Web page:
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Minnesota mirrors national trend of declining union membership

REUTERS/Darren Hauck
Earlier this month, Gov. Scott Walker scored a major victory when a federal appeals court upheld the Wisconsin law.

Minnesota labor unions dodged a bruising and expensive battle in 2012 when right-to-work supporters failed to get their amendment on the November ballot.

But a new federal report shows that union memberships in Minnesota continued to shrink in 2012, mirroring a national trend.

The U.S. Bureau of Labor Statistics (BLS) reported last week that union membership in the nation dropped from 11.8 percent in 2011 to 11.3 percent in 2012.

A higher portion of Minnesotans belong to labor unions, but Minnesota clearly is part of the national trend of an eroding unionized workforce.

About 14.2 percent of Minnesota workers were union members in 2012, down from 15.1 percent in 2011, according to the BLS.

Three decades ago, about one in five American workers belonged to labor unions.

Today it’s fairly common for a government employee to belong to a union, but exceedingly rare for a private-sector employee to work in a unionized environment.

The BLS reported that 35.9 percent of public-sector employees belonged to unions in 2012, while only 6.6 percent of Americans working in the private sector were union members.

Politicians vs. public sector unions

The political push to restrain the costs of public-sector labor contracts played out in dramatic fashion in neighboring Wisconsin, where Republican Gov. Scott Walker and Republican legislators repealed collective bargaining rights of public employees a few years ago.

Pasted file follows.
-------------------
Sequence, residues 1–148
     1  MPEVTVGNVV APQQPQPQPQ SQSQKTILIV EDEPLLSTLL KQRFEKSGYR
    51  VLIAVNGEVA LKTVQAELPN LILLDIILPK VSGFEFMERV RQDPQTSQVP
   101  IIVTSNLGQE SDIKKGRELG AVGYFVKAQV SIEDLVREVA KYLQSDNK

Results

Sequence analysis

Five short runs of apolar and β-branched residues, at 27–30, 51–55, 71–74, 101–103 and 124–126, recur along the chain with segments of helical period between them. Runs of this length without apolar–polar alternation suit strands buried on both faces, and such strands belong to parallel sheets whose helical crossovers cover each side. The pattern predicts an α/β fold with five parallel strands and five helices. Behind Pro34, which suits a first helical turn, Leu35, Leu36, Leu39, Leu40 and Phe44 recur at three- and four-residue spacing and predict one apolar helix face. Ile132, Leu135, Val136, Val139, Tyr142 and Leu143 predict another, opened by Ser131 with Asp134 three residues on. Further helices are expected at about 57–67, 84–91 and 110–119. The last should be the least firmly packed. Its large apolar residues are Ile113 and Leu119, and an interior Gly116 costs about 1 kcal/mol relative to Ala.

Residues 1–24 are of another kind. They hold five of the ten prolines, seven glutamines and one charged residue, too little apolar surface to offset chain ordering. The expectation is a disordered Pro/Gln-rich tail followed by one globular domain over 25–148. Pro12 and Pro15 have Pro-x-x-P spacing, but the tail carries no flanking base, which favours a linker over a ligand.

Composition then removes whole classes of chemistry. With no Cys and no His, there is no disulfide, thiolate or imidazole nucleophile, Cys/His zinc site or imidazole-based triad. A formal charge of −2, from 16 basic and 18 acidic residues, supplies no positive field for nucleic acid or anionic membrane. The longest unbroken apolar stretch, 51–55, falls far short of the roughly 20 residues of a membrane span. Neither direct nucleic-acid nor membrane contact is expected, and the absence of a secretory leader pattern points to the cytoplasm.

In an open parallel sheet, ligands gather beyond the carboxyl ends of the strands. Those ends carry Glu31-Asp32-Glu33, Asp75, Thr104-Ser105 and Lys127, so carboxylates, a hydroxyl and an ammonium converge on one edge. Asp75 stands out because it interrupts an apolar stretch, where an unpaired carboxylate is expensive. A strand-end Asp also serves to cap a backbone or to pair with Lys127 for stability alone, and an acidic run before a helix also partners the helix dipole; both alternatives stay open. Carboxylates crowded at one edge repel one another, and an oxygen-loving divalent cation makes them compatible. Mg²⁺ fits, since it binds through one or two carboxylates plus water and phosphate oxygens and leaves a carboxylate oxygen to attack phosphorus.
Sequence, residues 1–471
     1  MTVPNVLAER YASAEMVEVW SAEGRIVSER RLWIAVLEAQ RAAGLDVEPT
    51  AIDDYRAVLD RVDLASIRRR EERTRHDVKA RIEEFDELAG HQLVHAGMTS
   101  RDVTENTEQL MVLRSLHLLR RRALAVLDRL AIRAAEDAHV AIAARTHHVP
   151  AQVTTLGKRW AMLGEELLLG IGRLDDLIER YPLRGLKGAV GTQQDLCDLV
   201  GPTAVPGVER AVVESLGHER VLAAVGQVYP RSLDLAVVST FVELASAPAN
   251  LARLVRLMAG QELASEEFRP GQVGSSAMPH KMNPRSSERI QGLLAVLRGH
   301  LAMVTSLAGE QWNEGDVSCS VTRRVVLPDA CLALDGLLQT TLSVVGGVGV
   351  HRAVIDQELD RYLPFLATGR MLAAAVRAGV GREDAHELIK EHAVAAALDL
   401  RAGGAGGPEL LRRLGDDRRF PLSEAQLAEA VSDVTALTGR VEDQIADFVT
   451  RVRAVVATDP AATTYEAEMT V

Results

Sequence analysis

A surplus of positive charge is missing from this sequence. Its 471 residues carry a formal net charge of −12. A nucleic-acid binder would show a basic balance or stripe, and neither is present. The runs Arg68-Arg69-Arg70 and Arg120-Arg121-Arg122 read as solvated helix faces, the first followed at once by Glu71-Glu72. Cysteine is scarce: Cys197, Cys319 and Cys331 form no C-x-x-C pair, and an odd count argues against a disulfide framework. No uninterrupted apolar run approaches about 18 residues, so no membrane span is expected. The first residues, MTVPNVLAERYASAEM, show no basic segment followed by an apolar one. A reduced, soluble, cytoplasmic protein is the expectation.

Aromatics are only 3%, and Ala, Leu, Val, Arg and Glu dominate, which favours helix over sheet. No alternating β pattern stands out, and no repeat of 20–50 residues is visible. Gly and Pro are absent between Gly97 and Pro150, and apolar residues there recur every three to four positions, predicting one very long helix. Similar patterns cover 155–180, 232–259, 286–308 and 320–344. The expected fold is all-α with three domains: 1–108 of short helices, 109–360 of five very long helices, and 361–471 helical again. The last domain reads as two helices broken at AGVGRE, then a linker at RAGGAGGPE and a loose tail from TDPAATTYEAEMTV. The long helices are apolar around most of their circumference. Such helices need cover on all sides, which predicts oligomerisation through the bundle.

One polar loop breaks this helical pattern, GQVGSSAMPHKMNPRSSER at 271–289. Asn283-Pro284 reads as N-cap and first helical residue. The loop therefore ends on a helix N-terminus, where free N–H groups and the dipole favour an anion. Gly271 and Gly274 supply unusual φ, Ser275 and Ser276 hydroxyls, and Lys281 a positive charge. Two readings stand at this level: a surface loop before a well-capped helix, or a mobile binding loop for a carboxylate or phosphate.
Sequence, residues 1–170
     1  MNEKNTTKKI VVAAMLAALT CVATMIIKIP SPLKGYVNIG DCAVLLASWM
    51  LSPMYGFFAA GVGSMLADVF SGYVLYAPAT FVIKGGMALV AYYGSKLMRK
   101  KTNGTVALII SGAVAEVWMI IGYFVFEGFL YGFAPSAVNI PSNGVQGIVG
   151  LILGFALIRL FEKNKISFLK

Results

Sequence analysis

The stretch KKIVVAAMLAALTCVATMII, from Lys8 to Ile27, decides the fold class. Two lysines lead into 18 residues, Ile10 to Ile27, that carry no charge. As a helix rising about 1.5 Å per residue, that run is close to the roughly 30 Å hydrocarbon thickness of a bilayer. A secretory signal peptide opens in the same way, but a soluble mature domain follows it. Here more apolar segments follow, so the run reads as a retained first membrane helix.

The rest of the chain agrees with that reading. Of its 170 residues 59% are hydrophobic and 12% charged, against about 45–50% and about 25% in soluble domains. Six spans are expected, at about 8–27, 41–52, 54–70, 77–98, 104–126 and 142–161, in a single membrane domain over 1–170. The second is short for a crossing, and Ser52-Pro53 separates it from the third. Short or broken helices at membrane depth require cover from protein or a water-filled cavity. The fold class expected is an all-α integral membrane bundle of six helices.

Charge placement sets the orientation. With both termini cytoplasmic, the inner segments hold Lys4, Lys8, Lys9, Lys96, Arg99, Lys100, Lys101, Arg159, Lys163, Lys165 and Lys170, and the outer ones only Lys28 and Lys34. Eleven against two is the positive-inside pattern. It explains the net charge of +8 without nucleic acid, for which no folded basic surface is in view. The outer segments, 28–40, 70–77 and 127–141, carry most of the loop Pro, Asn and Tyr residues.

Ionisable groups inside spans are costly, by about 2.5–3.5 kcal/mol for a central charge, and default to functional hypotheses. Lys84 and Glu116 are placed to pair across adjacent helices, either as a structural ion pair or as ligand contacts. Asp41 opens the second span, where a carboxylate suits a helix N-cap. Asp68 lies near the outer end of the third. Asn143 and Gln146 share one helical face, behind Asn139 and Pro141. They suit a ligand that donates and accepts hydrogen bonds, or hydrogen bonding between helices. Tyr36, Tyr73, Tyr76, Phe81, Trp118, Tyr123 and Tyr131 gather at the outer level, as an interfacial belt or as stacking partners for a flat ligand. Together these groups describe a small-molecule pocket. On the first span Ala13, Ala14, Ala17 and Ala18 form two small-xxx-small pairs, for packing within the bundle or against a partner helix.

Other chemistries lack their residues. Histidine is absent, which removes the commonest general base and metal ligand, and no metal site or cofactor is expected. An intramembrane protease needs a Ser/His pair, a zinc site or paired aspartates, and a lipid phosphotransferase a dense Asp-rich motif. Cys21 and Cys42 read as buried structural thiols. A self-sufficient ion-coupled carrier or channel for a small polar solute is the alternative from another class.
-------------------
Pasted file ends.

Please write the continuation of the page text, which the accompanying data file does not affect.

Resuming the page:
Earlier this month, Walker scored a major victory when a federal appeals court upheld the Wisconsin law.

In Minnesota,  DFL Gov. Mark Dayton and a DFL-controlled Legislature are unlikely to curb union rights during the 2013 session.

But the cost of public employee labor contracts will continue to be a thorny political issue, especially with some Minnesotans who’ve seen their property taxes spiral to cover the costs of school districts and local governments.

In Minnesota, there are 415,300 government jobs, which breaks out as 31,400 federal jobs, 102,100 state workers and 281,800 local government employees, according to the Minnesota Department of Employment and Economic Development (DEED).

DEED spokesman Monte Hanson said that 65,100 of the state employees are in education, primarily professors and staff at state colleges and universities. Most of the remaining 37,000 state employees work for state agencies. The local government category includes teachers at elementary and high schools.

“The growth in government jobs in Minnesota last year (0.7 percent) was well behind the overall growth for all jobs in the state, up 1.9 percent,” Hanson said.

The BLS report doesn’t break out the private sector vs. public sector union membership numbers for Minnesota. The BLS report was based on a monthly sample survey of about 60,000 U.S. households, so annual changes in the state-by-state figures for union memberships have a higher sampling error than the national figures.